Society of
Children's Book Writers
and Illustrators

On the Shelves Once Upon A Time

Kris Vreeland of Once Upon A Time in Los Angeles, California, tells us what's on the shelves.



What trends do you notice in children’s book sales? What are the current hot reads?

Trends in children's books sales vary with the ages.  For babies and toddlers, board books are doing well and we've had a lot of interest recently in books with photographs of babies.  Classics like  Goodnight Moon by Margaret Wise Brown and Good Night Gorilla by Peggy Rathman always do well.  I love Marla Frazee's Boss Baby in the board book format.

In picture books for young readers, super heroes, transportation and animals do well.  The Day the Crayons Came Home by Drew Daywalt, Night Animals by Gianna Marino and Full Moon at the Napping House by Don and Audrey Wood are all doing well.  Humor and unexpected endings are always popular. Picture books can also do well for older readers, especially nonfiction that reads like a story, as well as beautiful wordless picture books.

In middle grade fiction, fantasy is still doing well, but not as strongly as a couple of years ago.  We are seeing more interest in mysteries, though not as much with long series.  Up to about three or four titles in a series works.  Humor is popular, especially with the boys and adventure does well.  There has been a slight increase in interest in historical fiction.  We're also getting more requests for scary books and realistic fiction.  One of my favorite fall recommendations in this age bracket is Katherine Applegate's Crenshaw.
YA seems to be a little more in flux.  There is still interest in dystopian and fantasy, but it seems to be dropping off a little.  John Green's books continue to do well.  We're getting in more teens right now looking for recommendations and who are willing to try books/genres with which they aren't as familiar, but it is crucial the books be well-written, and have strong characters and difficult conflicts.  Adventure, suspense and horror are also requested.  Some of our favorites include All the Bright Places by Jennifer Niven, Ember in the Ashes by Sabaa Tahir, Six of Crows by Leigh Bardugo and The Wrath and the Dawn by Renee Ahdieh. I'm also really looking forward to Julie Berry's newest book The Passion of Dolssa and Tim Federle's The Great American Whatever, both of which are coming out this spring.      

How do you choose what books to order? Do you use a publishing rep?
We work primarily with the publishing reps from each house and read as many galleys and f&gs as we can.  Occasionally customers or friends make strong recommendations or we find a title from a blog or other resource, though that is rare.
What would you like to see more of from authors/illustrators in terms of community involvement?
We love putting authors and illustrators in schools and with community organizations as well as doing store events and the occasional offsite public event.  The more an author or illustrator reaches out, the more awareness there is of their works.  For older readers, a strong online presence can also be helpful. Certainly any outreach an author or illustrator does before an event helps because they often reach their audience more directly than we can.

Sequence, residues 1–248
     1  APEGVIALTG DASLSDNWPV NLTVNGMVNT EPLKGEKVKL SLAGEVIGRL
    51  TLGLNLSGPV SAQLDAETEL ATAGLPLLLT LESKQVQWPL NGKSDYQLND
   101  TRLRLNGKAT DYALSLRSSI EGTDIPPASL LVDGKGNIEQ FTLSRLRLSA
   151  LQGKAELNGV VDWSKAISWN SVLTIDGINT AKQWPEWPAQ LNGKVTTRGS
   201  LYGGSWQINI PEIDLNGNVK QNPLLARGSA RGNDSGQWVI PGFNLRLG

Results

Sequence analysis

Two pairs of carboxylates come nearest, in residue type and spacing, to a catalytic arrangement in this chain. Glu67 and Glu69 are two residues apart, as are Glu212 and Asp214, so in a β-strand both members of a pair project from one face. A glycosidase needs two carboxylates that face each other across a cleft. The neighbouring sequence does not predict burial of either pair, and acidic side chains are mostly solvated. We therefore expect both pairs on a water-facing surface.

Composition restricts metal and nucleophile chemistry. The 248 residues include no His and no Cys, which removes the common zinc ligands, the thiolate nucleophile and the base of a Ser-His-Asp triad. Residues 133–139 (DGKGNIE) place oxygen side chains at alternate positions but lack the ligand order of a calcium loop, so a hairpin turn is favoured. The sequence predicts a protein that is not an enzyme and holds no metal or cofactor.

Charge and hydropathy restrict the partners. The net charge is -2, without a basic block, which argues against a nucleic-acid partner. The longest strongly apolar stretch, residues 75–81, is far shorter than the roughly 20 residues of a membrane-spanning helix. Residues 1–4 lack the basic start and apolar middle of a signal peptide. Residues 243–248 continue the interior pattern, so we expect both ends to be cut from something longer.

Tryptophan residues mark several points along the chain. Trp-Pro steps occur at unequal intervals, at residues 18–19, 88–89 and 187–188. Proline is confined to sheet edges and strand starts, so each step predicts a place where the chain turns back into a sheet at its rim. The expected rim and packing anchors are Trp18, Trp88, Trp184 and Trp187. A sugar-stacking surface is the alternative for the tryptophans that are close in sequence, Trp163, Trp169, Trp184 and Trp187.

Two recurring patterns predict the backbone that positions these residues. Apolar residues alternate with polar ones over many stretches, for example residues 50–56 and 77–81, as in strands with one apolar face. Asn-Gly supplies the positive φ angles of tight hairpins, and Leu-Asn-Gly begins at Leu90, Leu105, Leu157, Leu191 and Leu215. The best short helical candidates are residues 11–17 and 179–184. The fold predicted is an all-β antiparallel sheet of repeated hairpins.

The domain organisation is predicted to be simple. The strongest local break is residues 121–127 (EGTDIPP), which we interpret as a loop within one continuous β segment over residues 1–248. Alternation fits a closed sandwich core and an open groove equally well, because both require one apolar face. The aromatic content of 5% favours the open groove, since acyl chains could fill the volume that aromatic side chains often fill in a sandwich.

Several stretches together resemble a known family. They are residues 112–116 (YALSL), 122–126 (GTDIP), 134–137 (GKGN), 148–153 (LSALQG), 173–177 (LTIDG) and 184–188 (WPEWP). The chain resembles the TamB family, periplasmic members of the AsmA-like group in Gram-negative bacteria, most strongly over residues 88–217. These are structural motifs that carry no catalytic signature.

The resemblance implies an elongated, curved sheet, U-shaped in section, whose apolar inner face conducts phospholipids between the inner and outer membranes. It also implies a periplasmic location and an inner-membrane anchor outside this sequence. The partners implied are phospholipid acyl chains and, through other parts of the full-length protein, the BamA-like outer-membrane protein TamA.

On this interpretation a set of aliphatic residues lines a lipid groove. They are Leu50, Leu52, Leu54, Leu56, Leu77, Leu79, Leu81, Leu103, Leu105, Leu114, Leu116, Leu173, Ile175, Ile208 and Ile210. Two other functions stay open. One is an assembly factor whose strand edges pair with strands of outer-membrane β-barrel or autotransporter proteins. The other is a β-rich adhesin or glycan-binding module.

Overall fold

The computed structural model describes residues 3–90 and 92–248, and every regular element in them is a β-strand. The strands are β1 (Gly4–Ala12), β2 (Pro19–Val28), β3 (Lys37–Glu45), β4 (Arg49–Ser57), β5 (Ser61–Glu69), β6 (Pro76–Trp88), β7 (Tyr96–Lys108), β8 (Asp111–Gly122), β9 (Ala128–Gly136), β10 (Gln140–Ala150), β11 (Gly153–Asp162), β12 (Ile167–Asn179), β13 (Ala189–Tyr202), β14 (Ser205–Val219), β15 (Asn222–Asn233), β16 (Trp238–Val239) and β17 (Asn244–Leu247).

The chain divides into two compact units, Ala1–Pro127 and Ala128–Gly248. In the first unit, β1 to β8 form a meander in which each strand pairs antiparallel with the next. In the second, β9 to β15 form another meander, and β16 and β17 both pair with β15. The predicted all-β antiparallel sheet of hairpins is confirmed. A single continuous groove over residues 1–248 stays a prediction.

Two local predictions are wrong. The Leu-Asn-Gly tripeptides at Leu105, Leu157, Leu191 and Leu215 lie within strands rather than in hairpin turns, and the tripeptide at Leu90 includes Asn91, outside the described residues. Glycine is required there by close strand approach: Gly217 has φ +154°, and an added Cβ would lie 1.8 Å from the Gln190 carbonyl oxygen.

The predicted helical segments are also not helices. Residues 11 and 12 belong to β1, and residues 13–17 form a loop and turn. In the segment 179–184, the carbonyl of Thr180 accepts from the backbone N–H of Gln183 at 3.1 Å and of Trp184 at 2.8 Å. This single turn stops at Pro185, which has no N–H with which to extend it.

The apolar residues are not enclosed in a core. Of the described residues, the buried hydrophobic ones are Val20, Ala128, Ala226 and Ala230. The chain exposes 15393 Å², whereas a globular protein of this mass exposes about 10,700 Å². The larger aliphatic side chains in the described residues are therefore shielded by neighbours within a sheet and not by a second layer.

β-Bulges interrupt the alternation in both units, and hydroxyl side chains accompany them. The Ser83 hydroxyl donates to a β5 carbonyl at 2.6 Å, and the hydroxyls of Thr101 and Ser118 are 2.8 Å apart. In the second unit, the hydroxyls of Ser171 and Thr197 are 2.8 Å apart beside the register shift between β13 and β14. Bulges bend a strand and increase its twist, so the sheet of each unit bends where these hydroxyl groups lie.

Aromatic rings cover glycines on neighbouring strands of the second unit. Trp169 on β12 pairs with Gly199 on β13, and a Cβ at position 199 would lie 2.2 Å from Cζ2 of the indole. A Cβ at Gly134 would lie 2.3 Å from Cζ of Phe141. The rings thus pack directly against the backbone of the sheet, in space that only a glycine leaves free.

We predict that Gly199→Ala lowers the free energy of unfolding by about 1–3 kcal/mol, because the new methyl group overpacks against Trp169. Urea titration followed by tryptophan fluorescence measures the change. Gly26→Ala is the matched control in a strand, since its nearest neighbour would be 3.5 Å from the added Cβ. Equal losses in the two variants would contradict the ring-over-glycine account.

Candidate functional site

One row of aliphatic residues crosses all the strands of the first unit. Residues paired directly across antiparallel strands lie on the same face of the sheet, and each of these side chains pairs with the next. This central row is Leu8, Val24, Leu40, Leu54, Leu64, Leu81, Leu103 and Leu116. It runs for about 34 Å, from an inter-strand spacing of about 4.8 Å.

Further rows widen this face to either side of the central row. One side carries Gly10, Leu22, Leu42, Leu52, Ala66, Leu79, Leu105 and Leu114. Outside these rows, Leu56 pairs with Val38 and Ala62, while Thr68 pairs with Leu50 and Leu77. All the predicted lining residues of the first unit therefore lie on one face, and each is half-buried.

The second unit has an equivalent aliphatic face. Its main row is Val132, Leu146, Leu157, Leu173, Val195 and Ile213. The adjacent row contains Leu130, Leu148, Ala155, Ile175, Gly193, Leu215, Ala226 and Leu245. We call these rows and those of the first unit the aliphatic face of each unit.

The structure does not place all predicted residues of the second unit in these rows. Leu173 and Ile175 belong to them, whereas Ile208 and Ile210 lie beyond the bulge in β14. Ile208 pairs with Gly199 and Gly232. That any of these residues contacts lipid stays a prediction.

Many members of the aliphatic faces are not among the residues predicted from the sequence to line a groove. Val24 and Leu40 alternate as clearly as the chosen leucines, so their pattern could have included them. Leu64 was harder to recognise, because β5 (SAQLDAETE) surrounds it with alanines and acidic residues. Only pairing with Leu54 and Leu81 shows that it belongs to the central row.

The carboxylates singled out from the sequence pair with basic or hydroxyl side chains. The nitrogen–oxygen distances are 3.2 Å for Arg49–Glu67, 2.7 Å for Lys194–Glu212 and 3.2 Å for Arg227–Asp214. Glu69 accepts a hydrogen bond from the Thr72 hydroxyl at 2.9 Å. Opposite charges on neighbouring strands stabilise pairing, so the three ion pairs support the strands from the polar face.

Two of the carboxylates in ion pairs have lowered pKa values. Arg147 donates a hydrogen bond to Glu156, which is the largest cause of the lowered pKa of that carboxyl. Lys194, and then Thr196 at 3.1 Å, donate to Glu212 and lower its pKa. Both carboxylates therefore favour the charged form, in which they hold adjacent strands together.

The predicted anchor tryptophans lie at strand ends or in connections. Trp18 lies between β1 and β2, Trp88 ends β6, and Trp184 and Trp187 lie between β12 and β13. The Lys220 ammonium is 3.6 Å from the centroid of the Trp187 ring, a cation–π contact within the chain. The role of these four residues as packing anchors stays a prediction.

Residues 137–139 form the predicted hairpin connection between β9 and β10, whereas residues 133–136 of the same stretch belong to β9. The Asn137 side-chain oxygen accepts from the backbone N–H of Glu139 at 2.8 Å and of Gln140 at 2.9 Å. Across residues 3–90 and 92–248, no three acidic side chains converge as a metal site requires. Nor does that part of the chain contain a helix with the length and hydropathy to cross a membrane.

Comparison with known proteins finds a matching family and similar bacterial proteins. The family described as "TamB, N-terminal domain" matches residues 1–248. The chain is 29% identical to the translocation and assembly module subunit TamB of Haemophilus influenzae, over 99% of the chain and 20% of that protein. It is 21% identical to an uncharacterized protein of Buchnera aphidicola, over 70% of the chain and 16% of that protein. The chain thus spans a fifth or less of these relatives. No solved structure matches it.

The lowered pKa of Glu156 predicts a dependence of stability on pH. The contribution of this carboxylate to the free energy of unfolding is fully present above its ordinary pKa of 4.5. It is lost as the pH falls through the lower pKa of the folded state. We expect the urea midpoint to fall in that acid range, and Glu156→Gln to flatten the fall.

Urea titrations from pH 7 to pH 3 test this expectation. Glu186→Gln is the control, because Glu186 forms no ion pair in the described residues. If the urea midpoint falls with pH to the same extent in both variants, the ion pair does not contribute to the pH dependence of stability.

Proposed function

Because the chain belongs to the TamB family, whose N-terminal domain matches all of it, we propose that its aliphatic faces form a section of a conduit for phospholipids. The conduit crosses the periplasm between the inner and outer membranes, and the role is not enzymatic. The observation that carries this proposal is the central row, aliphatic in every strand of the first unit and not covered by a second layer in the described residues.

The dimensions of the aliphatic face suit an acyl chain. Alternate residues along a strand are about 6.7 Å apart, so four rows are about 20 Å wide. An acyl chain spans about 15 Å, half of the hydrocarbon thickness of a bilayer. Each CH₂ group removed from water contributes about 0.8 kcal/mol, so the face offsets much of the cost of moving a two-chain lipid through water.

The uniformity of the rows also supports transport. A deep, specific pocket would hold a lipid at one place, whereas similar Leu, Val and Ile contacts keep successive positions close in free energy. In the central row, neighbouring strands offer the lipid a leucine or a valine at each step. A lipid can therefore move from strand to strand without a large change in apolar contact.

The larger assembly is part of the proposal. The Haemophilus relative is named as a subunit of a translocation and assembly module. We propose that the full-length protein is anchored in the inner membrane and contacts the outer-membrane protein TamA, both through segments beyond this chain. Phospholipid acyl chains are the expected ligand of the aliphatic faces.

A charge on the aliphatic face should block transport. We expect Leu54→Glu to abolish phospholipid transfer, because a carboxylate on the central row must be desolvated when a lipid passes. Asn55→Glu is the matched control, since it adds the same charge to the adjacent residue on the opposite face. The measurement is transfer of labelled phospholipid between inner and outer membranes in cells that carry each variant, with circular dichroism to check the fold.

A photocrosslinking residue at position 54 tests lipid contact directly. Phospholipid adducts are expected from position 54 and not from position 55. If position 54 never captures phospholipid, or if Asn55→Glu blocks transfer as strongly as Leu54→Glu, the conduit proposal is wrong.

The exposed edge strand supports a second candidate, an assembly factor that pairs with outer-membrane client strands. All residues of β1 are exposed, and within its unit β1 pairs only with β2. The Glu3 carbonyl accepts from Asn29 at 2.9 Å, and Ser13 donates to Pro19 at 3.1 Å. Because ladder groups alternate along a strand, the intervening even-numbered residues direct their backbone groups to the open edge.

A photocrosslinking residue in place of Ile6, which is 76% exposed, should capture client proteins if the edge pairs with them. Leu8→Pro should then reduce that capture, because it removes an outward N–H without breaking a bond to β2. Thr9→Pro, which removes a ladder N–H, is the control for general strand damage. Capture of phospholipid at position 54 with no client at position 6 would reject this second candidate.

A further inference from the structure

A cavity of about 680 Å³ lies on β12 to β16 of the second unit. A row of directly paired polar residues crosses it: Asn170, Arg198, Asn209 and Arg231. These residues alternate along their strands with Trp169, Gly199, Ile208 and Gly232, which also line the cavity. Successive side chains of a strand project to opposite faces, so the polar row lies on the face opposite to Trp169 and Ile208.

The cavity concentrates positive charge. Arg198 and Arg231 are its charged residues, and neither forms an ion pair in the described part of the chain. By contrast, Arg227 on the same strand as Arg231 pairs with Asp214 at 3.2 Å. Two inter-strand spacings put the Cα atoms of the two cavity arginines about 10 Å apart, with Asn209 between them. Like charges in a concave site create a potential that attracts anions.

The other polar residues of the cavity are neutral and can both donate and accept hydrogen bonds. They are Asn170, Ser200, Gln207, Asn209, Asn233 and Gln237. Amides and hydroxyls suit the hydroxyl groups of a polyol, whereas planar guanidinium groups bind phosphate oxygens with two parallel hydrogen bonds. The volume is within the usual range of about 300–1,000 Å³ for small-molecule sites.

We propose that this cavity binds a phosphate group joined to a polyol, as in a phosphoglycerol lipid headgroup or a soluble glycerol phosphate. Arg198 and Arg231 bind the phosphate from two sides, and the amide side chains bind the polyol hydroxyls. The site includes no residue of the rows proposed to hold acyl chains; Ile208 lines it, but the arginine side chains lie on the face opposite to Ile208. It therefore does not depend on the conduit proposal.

How do you handle author/illustrator visits? Can authors/illustrators contact you directly?
Many of our author/illustrator visits come through the publicist during a tour.  This applies to both school and store events.   We do work with some authors directly when they have contacted us either about setting up an event or providing books for an event they have arranged.  Generally the more lead time we have for an event, the better, although we have pulled off last minute events occasionally.  We're a small store with a small staff and we do as many events as we can, but can't always take advantage of every opportunity we're given.
When we are contacted about school events, we send out notices to area schools with which we work that we feel could be a good match.  Sometimes there are conflicts with scheduling, such as testing, breaks and other events that prevent us from being able to find a school, though most of the time we can make it work.  After we have confirmed schools for events, we send out an order form for books to be sent home with the students.  When time permits both with our schedule and the school's schedule, we send someone in advance to booktalk and do a short presentation about the author or illustrator.  We always have a staff member present at the school at the time of the event to interface with the school and author/illustrator, handle book sales and deal with anything that might come up unexpectedly. We do fewer store events than school events during the school year.  Sometimes the author or illustrator will do a store event after a day of schools and sometimes they will do just schools or the store, depending on their preferences and our schedule.  We publicize store events with in-store flyers and displays, and through our email newsletter.
What is your favorite part of being a bookseller/manager/librarian?
When I find the perfect book for the reader.  I love when kids (or adults) come back to tell me a book is their new favorite or they want another recommendation that is as much fun.  I also love to read. 
Personal book recommendation? 



One personal book recommendation is really hard.  There are so many I love and I'd love to help you find the one that's best for you…come see me 🙂